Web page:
Charles L. Corbin, for complainants.

Charles D. Thompson, for defendants.

Adeline H. Strater and others. William H. Vredenburgh, for defendants.

John O. Herbert and others, infant grandchildren of testator.

McGILL, Ch. (after stating the facts). The complainants ask instruction upon these questions: (1) Whether Margaret A. Helme, the widow of George W. Helme, is entitled to dower in any part or parts of his estate, and, if so, in what part or parts. (2) Whether the agreement of October 1, 1889, between George W. Helme, George A. Helme, and John W. Herbert, Jr., shall be carried out by them, and, if so, by what calculation the amount of net earnings, which is to furnish the basis for the distribution of stock, shall be ascertained. (3) Whether the dividends upon that part of the stock of the George W. Helme Company which will remain in the hands of the executors, subject to the operation of the agreement of October 1, 1889, are to be wholly paid to the life tenants of the residue of the testator's estate, or some part of them accumulated for those who shall take in remainder. I will deal with the questions in the order in which they have been stated.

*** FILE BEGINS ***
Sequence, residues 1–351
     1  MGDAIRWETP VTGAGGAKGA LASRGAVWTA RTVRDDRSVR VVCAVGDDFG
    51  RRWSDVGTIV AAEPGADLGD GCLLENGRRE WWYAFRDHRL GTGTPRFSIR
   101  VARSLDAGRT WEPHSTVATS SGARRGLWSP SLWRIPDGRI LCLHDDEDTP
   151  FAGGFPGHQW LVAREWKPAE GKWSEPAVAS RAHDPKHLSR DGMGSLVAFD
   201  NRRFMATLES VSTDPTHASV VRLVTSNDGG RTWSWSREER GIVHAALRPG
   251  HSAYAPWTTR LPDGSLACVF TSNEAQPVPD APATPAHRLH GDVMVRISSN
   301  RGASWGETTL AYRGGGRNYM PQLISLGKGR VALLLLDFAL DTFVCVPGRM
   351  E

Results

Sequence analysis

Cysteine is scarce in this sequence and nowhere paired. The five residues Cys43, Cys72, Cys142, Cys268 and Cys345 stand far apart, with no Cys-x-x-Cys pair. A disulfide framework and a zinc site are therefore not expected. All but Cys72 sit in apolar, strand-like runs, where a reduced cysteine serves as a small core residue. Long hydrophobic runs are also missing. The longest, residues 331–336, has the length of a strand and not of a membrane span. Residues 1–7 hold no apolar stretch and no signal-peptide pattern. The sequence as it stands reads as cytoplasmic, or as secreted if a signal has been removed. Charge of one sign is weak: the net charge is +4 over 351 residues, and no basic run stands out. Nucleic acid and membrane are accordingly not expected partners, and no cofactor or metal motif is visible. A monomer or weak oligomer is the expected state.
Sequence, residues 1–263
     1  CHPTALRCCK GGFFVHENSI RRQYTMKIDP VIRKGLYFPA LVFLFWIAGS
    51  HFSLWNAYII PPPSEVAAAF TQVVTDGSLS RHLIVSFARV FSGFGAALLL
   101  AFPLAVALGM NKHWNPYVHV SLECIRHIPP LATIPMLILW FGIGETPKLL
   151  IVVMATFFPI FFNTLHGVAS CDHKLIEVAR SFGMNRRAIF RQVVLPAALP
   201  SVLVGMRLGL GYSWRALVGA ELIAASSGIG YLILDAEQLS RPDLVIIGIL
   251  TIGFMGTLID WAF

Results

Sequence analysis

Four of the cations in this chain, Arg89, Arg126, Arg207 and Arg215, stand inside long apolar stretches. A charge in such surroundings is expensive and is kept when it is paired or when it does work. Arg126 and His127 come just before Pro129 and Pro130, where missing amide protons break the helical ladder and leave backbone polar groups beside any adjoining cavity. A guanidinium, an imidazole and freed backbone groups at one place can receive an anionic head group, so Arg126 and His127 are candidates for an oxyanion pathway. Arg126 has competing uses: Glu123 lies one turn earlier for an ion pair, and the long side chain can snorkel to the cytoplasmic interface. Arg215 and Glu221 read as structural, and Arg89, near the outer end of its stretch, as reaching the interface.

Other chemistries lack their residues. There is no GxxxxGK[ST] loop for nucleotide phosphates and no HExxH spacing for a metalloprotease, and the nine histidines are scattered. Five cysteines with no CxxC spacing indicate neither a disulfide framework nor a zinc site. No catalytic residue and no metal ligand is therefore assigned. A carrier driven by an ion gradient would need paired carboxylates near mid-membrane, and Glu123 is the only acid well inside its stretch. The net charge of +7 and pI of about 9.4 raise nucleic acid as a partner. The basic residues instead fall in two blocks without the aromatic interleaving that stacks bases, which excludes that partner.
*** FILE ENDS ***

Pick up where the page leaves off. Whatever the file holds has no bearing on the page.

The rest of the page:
As to the first question: It is observed that by the eighth paragraph of the will the testator devised to his wife his homestead at Helmetta. If the will had made no reference to the dower right of the widow, it is clear that the statute (Revision, p. 322, § 16), in absence of dissent in the manner contemplated by it, would bar the widow of her dower in the testator's entire real estate. But, considered without regard to this statute, what is the legal status? The scheme of the will is to first make specific provision for the wife and three children of the testator. They are each to participate in his life insurance, and, except his daughter Olivia, in his stock in the George W. Helme Company. The daughter Olivia and the wife are to take independent gifts of real estate. Then the whole residue of the estate is to be disposed of that the wife shall take one-fourth of it in fee, and the three children the remaining three-fourths, through a trust established for the benefit of them and their issue. There are four principal objects of the testator's bounty, —his wife and his three children,—and it is conspicuous that, in the disposition of the residue of his estate, it was his intention that they should participate equally, at least in the usufruct of that residue. One-fourth was to go to the widow, and one-third of the three remaining fourths to each child. It is inconsistent with and repugnant to that intention that the widow shall, in addition to her fourth, take dower also in the real estate which composes part of the remaining three-fourths. If she should take such dower, the equality of the intended distribution would be destroyed. The law requires that under such a will the widow shall elect between its provisions for her and her dower right, the implication being that the provisions for her were intended to be made in lieu of dower. Griggs v. Veghte, 47 N. J. Eq. 179, 19 Atl. 867; Chalmers v. Storil, 2 Ves. & B. 224; Dickson v. Robinson, Jac. 503; Roberts v. Smith, 1 Sim. & S. 513; Goodfellow v. Goodfellow, 18 Beav. 356; Reynolds v. Torin, 1 Russ. 129; Adsit v. Adsit, 2 Johns. Ch. 448; Stark v. Hunton, 1 N. J. Eq. 216; 4 Kent, Comm. 56; White v. White, 16 N. J. Law, 202; Smith v. Kniskern, 4 Johns. Ch. 9; Sandford v. Jackson, 10 Paige, 266; Colgate v, Colgate, 23 N. J. Eq. 372; Stewart v. Stewart 31 N. J. Eq. 398; Endicott v. Endicott, 41 N, J. Eq. 93, 3 Atl. 157; Brokaw v. Brokaw, 41 N. J. Eq. 308, 7 Atl. 414. But we find in the fourteenth paragraph of the present will the testator's express declaration that his provisions for his wife are intended to be in lieu and bar of dower in certain real estate, to wit, that which is mentioned in the ninth tenth, eleventh, and twelfth paragraphs of the will; and, under the maxim "expression unius est exclusio alterius," it is insisted that the implication is that she is to take dower in real estate disposed of by all other paragraphs. When those paragraphs are examined, it is perceived that the ninth refers exclusively to stock of the George W. Helme Company bequeathed to the testator's daughter Adeline; the tenth, to real estate de vised to his daughter Olivia; the eleventh to stock in the George W. Helme Company given to his son; and the twelfth, to the fourth of the residue of his estate which is given and devised to his widow. In two of the paragraphs no real estate is mentioned and in one of the remaining paragraphs the fee in the real estate is given to the widow Obviously, there is a mistake in this enumeration of paragraphs. The only paragraphs of the will which dispose of real estate are the eighth, tenth, twelfth, and thirteenth, and two of those, the eighth and twelfth, devise to the widow in fee. How the mistake arose whether by transcription from a former will or otherwise, is not apparent A provision for the revocation of former wills exhibits that such documents existed, and thus, to that extent, lends credence to the conjecture that the error was one of transcription. Concluding that there is an error in the fourteenth paragraph, so far as the designation of the real estate in which the widow is not to take dower is concerned, we are left by that paragraph in this condition: We know that the widow was to be excluded from some of her dower, but, by implication, not from all of it, and we know nothing more. In this situation we turn to the testator's schemeof equality between his widow and children in the disposition of the residue of his estate, and to the implication which arises therefrom that the widow shall not have dower in the real estate which, under that disposition, is to go to the children; that is, the real estate disposed of by the thirteenth paragraph of the will. That implication remains in full force, and is not overridden by the indefinite and uncertain implication which arises from the erroneous fourteenth paragraph. It induces the conclusion, upon the whole will, that the testator's intention was that his widow shall not take dower in the lands disposed of by the thirteenth paragraph. It is not necessary in the instructions of the complainants that I shall consider or determine more than that the widow docs not take dower in the lands disposed of by the thirteenth paragraph. They have no duties to perform which concern any other lands than those contemplated in that section, and their right to ask instruction is limited by their necessity in the performance of their trust. Dill v. Wisner, 88 N. Y. 153, 160.